Charles Patrick Davis, MD, PhD
Dr. Charles "Pat" Davis, MD, PhD, is a board certified Emergency Medicine doctor who currently practices as a consultant and staff member for hospitals. He has a PhD in Microbiology (UT at Austin), and the MD (Univ. Texas Medical Branch, Galveston). He is a Clinical Professor (retired) in the Division of Emergency Medicine, UT Health Science Center at San Antonio, and has been the Chief of Emergency Medicine at UT Medical Branch and at UTHSCSA with over 250 publications.
Mary D. Nettleman, MD, MS, MACP
Mary D. Nettleman, MD, MS, MACP is the Chair of the Department of Medicine at Michigan State University. She is a graduate of Vanderbilt Medical School, and completed her residency in Internal Medicine and a fellowship in Infectious Diseases at Indiana University.
In this Article
- Mucormycosis (zygomycosis) facts
- What is mucormycosis?
- What causes mucormycosis?
- What are risk factors for mucormycosis?
- What are symptoms and signs of mucormycosis?
- How is mucormycosis diagnosed?
- What is the treatment of mucormycosis?
- What are complications of mucormycosis?
- What is the prognosis of mucormycosis?
- Can mucormycosis be prevented?
- What research is being done on mucormycosis?
- Where can people find more information on mucormycosis?
- Find a local Doctor in your town
What is the prognosis of mucormycosis?
The prognosis of mucormycosis is usually fair to poor; the prognosis depends on the overall health of the patient, the speed of diagnosis and treatment, the patient's ability to respond to treatments, the complete debridement of the infected body area, and the body area that is initially infected. For example, the mortality (death rate) of patients with rhinocerebral and GI mucormycosis is about 85% while the mortality rate for all patients with other types of mucormycosis is about 50%. Patients who survive this dangerous infection often have disabilities related to the extent of tissue lost due to the fungal destruction and the necessary surgical debridement (blindness, limb loss, organ dysfunctions).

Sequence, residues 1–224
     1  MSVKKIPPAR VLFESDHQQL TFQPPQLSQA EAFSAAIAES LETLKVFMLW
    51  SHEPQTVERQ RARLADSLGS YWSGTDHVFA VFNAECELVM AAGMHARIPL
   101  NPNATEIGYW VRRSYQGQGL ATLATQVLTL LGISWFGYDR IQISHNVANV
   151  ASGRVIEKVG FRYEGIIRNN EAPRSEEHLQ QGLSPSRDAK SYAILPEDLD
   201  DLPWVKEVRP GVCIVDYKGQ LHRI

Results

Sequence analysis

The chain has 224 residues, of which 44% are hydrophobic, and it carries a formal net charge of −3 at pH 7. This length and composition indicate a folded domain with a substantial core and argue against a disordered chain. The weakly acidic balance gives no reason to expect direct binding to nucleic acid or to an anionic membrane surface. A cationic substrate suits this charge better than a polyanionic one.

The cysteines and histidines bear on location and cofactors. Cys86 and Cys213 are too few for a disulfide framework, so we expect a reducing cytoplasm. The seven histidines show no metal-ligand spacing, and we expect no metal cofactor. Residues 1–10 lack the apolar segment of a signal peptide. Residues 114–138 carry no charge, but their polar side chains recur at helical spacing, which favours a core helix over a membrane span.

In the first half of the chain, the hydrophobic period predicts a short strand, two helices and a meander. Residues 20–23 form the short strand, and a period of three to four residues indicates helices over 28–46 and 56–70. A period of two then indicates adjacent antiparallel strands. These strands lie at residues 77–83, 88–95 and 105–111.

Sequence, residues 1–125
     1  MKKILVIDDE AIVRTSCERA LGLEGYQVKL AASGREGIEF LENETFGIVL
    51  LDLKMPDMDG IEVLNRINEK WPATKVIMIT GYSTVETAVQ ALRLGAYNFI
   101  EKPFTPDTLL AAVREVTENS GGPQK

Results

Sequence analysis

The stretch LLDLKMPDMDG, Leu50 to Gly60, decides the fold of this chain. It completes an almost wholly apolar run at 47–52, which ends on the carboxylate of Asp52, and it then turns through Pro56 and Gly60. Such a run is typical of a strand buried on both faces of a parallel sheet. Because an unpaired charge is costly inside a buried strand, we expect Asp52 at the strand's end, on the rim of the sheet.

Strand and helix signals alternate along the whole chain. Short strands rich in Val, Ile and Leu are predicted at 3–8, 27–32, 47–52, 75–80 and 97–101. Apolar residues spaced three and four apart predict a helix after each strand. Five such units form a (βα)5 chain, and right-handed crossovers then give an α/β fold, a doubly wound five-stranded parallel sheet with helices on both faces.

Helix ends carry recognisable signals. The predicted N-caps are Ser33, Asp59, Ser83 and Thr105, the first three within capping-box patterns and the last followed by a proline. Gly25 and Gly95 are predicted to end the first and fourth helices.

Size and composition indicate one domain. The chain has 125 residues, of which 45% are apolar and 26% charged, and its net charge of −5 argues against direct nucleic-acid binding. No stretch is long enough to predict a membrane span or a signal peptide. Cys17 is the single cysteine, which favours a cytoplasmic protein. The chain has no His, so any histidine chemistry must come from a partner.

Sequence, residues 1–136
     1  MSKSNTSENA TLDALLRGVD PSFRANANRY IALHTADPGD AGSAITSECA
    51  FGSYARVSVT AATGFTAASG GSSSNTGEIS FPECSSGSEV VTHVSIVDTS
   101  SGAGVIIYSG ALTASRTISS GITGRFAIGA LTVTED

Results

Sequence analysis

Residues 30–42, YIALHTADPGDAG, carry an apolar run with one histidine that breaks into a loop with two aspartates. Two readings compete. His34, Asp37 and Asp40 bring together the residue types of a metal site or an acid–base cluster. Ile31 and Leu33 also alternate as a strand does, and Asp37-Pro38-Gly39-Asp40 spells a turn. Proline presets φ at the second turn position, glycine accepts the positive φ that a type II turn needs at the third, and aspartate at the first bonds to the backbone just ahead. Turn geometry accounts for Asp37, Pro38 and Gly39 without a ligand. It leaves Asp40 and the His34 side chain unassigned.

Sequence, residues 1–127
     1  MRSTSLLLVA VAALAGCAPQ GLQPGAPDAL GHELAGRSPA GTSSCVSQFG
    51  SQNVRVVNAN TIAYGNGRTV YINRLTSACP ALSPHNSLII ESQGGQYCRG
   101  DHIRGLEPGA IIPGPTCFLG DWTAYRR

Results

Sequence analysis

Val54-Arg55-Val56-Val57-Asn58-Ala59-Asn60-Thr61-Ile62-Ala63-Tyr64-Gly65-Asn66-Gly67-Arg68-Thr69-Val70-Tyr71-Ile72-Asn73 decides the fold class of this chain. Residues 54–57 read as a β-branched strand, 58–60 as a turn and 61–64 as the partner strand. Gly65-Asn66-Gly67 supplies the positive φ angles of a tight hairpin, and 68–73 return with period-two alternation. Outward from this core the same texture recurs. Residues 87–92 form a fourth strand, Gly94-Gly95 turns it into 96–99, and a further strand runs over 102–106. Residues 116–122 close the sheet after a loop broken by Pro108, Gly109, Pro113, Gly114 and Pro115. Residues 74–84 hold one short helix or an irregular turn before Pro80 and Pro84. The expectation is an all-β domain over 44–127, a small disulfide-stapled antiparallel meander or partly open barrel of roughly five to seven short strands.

Can mucormycosis be prevented?
Avoiding predicted disasters (hurricanes) and taking safety measures if possible (getting to safe shelters if warning of a tsunami, tornado, or earthquake) are probably the best ways to avoid mucormycosis. Patients with debilitating disease can increase their likelihood of avoiding the infection by good control (treatment) of their health problem with diabetes as the classic example. Some clinicians suggest that if a patient is exposed to circumstances that are favorable for mucormycosis to develop, if they are taking prednisone (Deltasone, Orasone, Prednicen-M, Liquid Pred) or deferoxamine (Desferal), they should cease these medications (consult your doctor or emergency center if possible before changing medications). Finally, if a person thinks they may have mucormycosis, they should consult their doctor or an emergency center immediately.
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There is no vaccine available for mucormycosis. In some instances, there is no good way prevent mucormycosis (severe accidents, no disaster warnings, no shelters available).
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